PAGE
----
Dr. Heward explains why there are increased breast cancer incidences seen when studying women who are taking hormone replacement therapy/HRT.
When we do a study where we compare women on estrogen with women who don’t go on estrogen, we report that the women who got estrogen got more breast cancer and the conclusion or the implication is that somehow estrogen caused that breast cancer. But, there are no data, to my knowledge, and remember I am a molecular endocrinologist so I study how hormones work at the molecular level, and there are no data, anywhere I know of that indicate that estrogen has the ability to take a normal, healthy breast cell and change it to a cancer cell. That does not happen.
So how then can we explain the increased incidents of breast cancer in women on estrogen replacement therapy, and the answer is, what we do know about estrogen is that it’s a trophic hormone which means it stimulates growth in some of the tissues in which it has receptors, like the breasts. So, if I took estrogen, my breasts would grow.
In a woman who has an estrogen-sensitive breast cancer, estrogen may actually stimulate the rate of growth in the cancer itself, so during the time frame of the study, are you more likely to pick up a fast-growing cancer or a slow-growing cancer? What’s probably going on is there’s no more breast cancer in the estrogen group than there is in the control group, but just more diagnosed breast cancer because the tumors are growing faster.
About Dr. Heward, Ph.D:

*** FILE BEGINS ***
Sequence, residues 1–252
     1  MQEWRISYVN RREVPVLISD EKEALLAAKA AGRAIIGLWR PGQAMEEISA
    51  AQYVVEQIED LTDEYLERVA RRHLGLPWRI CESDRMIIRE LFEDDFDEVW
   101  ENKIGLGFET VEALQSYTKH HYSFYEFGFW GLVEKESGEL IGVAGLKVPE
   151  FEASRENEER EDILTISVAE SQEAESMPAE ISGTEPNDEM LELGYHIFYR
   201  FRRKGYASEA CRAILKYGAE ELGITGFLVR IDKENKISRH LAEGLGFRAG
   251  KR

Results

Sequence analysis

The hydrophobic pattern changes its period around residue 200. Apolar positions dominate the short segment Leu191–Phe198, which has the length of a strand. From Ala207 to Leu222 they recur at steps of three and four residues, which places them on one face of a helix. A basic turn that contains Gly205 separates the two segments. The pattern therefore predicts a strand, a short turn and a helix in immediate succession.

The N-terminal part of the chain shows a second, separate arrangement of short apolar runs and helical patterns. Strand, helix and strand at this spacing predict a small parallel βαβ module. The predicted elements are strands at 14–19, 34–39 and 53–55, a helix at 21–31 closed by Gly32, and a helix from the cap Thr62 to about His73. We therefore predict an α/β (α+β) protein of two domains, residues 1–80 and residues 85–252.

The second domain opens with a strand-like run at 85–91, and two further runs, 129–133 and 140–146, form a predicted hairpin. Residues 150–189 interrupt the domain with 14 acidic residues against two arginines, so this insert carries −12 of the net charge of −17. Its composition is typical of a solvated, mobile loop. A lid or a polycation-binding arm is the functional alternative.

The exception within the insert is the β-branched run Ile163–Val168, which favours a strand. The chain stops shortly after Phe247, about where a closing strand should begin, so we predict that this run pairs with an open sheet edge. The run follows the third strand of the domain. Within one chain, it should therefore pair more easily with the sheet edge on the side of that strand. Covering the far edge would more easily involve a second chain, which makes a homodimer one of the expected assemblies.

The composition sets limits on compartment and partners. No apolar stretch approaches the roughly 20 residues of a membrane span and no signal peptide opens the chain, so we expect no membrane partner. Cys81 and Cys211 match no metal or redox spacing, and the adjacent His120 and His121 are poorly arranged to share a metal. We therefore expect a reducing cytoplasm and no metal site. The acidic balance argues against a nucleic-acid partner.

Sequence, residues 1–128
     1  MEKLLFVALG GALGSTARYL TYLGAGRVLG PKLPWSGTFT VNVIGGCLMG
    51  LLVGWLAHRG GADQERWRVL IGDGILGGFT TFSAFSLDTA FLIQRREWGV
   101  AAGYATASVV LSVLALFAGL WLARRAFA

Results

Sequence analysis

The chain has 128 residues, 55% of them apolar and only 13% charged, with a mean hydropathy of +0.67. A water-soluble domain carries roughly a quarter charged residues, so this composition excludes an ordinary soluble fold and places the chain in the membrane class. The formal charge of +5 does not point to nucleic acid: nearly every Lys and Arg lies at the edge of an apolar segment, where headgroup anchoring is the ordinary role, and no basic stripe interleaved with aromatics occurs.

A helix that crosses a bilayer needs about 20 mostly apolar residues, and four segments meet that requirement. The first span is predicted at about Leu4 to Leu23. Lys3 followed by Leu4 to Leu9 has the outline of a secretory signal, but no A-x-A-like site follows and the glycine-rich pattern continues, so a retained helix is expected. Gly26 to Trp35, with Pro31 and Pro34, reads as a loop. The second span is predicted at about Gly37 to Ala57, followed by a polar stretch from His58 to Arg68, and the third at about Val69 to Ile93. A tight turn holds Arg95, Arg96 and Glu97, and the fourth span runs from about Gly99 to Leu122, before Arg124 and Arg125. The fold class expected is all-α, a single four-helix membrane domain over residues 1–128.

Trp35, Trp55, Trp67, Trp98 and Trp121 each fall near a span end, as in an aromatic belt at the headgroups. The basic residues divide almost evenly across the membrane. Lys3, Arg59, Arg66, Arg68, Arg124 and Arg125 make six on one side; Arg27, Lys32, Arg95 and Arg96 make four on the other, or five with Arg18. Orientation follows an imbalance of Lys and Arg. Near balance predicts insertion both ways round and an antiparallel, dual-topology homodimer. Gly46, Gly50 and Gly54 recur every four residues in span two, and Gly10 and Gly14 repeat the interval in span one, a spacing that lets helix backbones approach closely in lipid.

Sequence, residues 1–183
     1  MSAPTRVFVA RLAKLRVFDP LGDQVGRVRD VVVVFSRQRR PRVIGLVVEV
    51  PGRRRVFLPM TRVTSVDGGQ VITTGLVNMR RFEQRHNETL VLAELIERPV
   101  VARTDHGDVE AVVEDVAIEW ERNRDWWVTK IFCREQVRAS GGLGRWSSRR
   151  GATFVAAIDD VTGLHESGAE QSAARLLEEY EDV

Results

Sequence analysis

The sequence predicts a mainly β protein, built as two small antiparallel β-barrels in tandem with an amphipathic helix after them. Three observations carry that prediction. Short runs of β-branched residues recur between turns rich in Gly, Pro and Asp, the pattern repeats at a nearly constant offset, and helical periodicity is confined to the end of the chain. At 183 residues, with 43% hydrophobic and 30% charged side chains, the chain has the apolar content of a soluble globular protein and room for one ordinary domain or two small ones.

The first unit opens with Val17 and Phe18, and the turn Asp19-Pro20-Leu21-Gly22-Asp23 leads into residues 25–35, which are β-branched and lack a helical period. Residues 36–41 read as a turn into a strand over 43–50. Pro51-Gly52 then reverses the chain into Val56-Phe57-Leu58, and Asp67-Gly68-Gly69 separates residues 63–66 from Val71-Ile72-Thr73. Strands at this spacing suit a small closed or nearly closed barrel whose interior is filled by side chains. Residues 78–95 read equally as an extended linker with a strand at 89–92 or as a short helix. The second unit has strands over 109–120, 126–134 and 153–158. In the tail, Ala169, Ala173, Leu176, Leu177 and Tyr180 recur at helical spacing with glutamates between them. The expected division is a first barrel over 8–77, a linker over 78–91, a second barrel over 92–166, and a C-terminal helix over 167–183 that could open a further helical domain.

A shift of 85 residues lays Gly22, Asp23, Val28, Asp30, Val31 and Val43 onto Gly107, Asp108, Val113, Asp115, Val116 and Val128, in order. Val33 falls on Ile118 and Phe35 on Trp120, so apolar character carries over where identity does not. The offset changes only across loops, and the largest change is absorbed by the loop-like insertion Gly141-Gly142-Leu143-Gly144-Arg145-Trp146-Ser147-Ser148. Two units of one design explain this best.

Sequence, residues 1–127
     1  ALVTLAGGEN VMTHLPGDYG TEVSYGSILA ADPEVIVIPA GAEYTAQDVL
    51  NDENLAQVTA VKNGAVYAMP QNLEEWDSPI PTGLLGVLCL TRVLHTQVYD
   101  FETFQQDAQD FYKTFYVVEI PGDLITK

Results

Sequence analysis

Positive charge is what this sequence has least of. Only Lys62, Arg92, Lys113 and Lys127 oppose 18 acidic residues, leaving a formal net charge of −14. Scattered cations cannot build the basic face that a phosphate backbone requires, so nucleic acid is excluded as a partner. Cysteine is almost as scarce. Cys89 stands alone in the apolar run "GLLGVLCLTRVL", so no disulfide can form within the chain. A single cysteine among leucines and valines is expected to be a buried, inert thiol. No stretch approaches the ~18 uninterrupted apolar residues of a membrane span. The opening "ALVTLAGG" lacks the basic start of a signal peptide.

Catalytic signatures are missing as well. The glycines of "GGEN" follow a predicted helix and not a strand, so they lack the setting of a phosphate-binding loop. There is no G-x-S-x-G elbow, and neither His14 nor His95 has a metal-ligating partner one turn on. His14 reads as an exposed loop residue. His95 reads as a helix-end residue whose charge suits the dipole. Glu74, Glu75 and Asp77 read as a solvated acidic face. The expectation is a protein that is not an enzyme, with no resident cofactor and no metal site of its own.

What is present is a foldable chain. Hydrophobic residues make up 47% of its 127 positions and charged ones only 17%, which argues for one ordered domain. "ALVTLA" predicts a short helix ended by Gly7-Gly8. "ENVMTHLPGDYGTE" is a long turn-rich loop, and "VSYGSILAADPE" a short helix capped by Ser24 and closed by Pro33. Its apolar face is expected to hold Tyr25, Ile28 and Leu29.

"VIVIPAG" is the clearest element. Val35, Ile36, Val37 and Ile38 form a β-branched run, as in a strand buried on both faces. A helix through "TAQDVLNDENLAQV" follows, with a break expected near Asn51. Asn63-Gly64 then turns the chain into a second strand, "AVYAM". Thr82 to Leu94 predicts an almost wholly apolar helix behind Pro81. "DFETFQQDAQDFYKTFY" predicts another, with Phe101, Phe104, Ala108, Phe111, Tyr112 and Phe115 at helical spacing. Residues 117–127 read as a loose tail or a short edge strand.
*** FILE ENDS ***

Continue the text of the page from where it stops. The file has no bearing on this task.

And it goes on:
Dr. Christopher B. Heward is past-President of Kronos Science Laboratory. His primary responsibility was providing scientific and technical leadership for all laboratory activities. He oversaw the development and implementation of the clinical laboratory testing program; assisted in designing and refining both internally and externally sponsored clinical studies; directed and coordinated diagnostic product research and development; administered laboratory and patient databases; was principal investigator for the Kronos Longitudinal Aging Study (KLAS); and communicated Kronos’ discoveries and advances to lay and scientific audiences via presentations and publications. Dr. Heward’s research interests included healthy aging, endocrinology, oxidative stress, Alzheimer’s disease, prion disease (TSE) and menopause. Dr. Heward attended the University of Arizona and received a Bachelor of Arts degrees from both the Department of Psychology and the Department of Chemistry, as well as a Bachelor of Science degree from the Department of Biology. He earned his PhD from the Department of Biology in 1981.
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